United Kingdom 1930 - 1938:
Aldershot became the main centre of the British Army within the United Kingdom in 1854. The Army needed a large concentration of troops in the south of England, as the main threat to the United Kingdom came from across the English Channel.
The heathland surrounding Aldershot was ideal for use by the military, as it is low grade agricultural land, so a series of barracks were constructed in the area.
Three permanent cavalry barracks, three infantry barracks and two artillery barracks were constructed in the period from 1856 to 1859.
In 1891, these barracks became known as the Wellington Lines, named after the Duke of Wellington. These barracks were:
Beaumont Barracks – Cavalry;
Warbury Barracks – Cavalry;
Willems Barracks – Cavalry;
Badajos Barracks – Infantry;
Salamanca Barracks – Infantry;
Talavera Barracks – Infantry;
Waterloo East – Artillery;
Waterloo West – Artillery.
Each of these barracks accommodated one regiment or battalion.
The Barracks Act of 1890 led to a significant construction programme to provide suitable accommodation for troops in the Aldershot area. An area of land to the north of Aldershot was chosen for the expansion of the barracks. Those located to the north of the Basingstoke Canal became known as North Camp, while those to the south, South Camp. All were built in the period from 1895 to 1900. A long, straight road (now known as Queen’s Aveune) leading from Aldershot bisected the South Camp and North Camp. Aldershot became the location for the largest, single, peacetime concentration of troops in the British Army. The former village grew into a large town, to support the 40,000 troops now based in the locality.
The South Camp became known as the Stanhope Lines, and the North Camp as the Marlborough Lines.
Stanhope Lines contained the following barracks:
Buller Barracks (R.A.S.C.);
Clayton Barracks (R.A.S.C.);
Gibraltar Barracks (R.E.);
McGrigor Barracks (R.A.M.C.).
Marlborough Lines comprised the following barracks:
Lille Barracks (R.A.);
As the number of units assigned to Aldershot Command grew, additional barracks had to be built in the surrounding area of north-east Hampshire and south-west Surrey. These included:
Guadaloupe Barracks – Bordon;
Louisberg Barracks – Bordon;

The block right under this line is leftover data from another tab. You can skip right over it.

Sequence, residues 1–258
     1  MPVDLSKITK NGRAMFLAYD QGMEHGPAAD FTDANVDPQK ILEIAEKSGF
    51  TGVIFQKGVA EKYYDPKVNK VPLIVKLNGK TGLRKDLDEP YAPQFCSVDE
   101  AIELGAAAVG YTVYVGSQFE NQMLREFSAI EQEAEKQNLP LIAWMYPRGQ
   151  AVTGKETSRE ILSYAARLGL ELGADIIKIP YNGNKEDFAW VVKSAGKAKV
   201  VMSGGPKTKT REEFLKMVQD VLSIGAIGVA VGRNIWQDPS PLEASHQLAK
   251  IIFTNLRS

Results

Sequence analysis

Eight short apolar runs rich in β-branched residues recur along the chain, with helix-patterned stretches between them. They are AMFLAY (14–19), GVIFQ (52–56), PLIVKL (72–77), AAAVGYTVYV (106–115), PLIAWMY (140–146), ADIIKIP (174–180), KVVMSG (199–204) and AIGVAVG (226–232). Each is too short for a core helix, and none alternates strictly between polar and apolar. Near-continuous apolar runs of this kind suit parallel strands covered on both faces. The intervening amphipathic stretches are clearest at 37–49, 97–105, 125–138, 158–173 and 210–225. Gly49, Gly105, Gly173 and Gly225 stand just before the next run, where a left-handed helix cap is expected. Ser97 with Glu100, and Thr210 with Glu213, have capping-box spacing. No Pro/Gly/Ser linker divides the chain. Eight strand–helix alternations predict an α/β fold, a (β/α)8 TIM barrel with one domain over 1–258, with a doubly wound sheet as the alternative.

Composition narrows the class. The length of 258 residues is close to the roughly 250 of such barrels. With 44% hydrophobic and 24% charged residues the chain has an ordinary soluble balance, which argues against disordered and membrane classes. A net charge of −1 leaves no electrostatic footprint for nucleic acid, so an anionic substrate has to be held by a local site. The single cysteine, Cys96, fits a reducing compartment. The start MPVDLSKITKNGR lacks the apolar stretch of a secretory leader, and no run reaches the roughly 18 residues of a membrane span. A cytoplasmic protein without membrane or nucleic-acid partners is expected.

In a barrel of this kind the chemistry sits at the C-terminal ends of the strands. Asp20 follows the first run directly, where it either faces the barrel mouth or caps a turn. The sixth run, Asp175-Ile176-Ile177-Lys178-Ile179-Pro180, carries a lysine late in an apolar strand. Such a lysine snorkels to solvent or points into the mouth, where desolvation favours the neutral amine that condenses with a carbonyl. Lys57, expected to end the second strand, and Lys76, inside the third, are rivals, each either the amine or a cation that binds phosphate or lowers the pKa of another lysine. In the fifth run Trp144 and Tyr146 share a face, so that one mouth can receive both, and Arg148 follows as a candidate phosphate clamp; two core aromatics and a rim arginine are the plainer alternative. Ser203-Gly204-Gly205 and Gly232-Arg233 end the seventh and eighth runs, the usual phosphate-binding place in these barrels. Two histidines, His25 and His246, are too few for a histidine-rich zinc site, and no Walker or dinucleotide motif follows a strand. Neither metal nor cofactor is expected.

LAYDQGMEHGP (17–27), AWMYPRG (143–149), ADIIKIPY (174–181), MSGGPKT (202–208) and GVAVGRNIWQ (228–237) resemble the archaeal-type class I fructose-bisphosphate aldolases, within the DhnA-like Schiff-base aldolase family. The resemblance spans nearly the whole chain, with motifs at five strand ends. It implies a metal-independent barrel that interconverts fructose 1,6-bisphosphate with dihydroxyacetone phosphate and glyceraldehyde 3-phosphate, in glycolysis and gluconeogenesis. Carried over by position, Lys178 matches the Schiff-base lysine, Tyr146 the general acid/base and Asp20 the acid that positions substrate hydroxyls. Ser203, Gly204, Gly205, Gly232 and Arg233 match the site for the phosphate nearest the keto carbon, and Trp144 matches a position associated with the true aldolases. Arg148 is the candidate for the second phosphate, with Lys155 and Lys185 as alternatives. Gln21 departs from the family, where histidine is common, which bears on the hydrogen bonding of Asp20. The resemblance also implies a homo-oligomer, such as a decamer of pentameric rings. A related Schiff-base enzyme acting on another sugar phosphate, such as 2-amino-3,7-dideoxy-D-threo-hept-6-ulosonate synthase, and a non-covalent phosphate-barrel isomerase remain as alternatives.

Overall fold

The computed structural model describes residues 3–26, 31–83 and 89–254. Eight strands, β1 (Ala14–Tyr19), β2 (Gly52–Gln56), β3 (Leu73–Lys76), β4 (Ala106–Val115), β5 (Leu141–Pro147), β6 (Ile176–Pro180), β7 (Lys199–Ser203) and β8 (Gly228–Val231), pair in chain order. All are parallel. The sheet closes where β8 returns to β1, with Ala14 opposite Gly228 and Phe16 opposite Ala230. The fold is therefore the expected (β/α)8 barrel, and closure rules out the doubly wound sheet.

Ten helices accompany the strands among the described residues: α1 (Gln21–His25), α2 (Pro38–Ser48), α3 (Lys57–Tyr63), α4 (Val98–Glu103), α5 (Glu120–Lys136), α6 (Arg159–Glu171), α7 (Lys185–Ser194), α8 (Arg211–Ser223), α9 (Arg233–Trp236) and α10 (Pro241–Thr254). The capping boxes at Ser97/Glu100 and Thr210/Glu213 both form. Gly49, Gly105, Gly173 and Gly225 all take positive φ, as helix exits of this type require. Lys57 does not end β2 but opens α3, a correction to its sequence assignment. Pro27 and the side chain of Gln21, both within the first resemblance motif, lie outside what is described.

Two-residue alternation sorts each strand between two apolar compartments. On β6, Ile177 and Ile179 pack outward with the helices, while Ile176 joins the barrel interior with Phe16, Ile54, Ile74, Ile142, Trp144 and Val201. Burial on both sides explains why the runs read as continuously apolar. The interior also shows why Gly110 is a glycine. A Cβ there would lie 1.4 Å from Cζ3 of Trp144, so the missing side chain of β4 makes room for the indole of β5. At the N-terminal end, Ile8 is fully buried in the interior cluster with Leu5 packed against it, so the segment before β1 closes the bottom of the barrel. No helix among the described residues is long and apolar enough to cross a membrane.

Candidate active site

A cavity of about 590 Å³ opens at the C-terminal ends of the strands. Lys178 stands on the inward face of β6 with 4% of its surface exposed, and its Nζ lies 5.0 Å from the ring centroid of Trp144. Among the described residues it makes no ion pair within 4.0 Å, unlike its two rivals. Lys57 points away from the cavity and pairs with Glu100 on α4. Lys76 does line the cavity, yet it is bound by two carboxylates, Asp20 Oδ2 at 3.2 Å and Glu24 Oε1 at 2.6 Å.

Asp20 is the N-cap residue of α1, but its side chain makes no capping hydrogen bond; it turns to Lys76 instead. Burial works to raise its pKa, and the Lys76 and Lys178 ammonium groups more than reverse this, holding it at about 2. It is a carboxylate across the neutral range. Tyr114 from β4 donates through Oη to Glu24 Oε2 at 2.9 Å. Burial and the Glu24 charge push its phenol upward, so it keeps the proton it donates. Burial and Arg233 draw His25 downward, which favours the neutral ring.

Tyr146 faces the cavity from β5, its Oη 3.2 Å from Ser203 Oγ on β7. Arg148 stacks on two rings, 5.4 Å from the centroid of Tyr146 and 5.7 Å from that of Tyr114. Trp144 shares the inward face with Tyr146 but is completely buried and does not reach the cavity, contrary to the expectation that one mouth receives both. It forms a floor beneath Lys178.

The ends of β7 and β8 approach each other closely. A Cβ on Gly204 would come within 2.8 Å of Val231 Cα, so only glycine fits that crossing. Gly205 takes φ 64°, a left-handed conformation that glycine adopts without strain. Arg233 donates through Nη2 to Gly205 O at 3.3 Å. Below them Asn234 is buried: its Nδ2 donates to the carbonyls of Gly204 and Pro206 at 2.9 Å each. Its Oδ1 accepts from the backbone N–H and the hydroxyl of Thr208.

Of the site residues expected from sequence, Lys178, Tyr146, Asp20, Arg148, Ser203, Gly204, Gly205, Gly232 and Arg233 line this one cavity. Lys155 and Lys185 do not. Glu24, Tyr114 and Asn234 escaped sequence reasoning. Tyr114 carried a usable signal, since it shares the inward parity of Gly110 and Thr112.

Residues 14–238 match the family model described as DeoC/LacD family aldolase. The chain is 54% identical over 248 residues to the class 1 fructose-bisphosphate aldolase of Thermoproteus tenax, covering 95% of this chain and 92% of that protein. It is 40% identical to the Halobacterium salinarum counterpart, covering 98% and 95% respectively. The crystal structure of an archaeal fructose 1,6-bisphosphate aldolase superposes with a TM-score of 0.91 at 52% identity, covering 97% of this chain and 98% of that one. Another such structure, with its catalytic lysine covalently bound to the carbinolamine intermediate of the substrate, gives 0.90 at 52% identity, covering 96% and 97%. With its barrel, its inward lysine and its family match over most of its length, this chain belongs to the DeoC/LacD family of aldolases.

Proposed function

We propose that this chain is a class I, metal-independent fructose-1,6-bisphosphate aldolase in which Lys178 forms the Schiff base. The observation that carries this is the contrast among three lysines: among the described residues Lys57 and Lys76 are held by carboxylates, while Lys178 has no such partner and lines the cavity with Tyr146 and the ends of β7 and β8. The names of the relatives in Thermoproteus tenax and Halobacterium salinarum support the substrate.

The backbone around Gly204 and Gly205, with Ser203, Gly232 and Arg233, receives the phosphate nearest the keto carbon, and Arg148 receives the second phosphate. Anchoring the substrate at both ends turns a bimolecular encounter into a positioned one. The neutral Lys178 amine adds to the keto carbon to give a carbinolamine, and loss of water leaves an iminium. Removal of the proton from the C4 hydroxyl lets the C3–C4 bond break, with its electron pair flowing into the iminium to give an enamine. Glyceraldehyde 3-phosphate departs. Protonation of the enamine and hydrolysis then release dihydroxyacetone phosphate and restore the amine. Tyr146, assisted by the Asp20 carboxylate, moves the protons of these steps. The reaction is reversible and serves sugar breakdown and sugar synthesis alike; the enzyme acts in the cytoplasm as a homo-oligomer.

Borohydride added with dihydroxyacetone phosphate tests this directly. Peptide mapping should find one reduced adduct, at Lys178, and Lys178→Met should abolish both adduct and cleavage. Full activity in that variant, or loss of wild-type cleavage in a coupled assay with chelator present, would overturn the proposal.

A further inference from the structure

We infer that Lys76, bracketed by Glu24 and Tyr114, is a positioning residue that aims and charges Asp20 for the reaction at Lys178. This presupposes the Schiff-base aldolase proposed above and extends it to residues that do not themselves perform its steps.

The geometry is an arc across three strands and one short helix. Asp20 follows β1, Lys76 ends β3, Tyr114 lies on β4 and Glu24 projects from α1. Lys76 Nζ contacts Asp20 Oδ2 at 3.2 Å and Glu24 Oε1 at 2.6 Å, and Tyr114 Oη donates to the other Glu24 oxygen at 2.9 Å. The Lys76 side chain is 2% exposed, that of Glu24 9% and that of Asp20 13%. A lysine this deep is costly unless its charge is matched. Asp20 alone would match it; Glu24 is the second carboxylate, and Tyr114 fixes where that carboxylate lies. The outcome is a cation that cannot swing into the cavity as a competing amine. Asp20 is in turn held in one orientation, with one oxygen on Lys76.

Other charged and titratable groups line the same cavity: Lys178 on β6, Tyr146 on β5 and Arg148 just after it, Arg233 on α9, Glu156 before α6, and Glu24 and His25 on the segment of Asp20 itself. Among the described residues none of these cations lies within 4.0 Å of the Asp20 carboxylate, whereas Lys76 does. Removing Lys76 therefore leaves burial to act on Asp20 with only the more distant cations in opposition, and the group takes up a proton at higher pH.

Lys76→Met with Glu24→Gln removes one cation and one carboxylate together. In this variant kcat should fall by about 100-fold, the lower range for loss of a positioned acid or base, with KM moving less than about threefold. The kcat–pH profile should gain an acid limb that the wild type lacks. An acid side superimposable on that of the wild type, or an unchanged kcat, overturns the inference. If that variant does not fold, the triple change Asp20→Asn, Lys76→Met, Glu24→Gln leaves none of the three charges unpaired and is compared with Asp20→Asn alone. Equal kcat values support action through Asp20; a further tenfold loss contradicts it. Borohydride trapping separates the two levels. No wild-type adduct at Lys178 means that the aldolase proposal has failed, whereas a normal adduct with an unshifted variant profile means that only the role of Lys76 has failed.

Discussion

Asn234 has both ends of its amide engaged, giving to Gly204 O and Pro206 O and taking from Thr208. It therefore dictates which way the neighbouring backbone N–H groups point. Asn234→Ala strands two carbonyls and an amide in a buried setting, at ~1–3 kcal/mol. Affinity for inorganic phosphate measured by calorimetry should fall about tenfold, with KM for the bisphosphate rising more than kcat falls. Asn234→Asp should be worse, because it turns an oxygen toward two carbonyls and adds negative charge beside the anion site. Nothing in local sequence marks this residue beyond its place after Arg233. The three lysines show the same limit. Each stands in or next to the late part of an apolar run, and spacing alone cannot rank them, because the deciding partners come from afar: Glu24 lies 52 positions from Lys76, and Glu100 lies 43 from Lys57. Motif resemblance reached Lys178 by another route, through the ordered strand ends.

Martinique Barracks – Bordon;
Quebec Barracks – Bordon;
St. Lucia Barracks – Bordon;
Leipzig Barracks – Ewshott (R.A.);
Inkerman Barracks – Woking;
Alma Barracks – Deepcut;
Dettingen Barracks – Deepcut.
In addition, the Royal Engineers had a large barracks at Longmoor, which was their training centre and depot for transportation specialists, including railway operations.
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After the Great War, Aldershot Command was reconstituted in 1920 as the base for the ‘Spearhead Corps’ intended to be the first British formations sent overseas at times of crisis. The command comprised 1 Infantry Division and 2 Infantry Division, together with other ancillary units.
There were the two Regular Army divisional formations based in and around Aldershot. The 1 Infantry Division and 2 Infantry Division were the two key formations in the British Army between the wars. They were stationed in and around Aldershot and usually kept up to establishment. Units from the 1 Infantry Division were sent to Palestine in 1937 to deal with the Arab uprising. Aldershot Command was also the home of 1 Cavalry Brigade and 1 Anti-Aircraft Brigade (later renamed the 1 Anti-Aircraft Group).
With the outbreak of war, Aldershot Command formed Headquarters I Corps, which together with the 1 Infantry Division and 2 Infantry Division mobilised and deployed to France as part of the British Expeditionary Force. After evacuation from Dunkirk, I Corps concentrated in eastern England. The Headquarters I Corps saw service in North West Europe in 1944 and 1945, but the 1 Infantry Division had left already, being deployed in Tunisia, Panterreria and Italy. The 2 Infantry Division saw active service in India and Burma.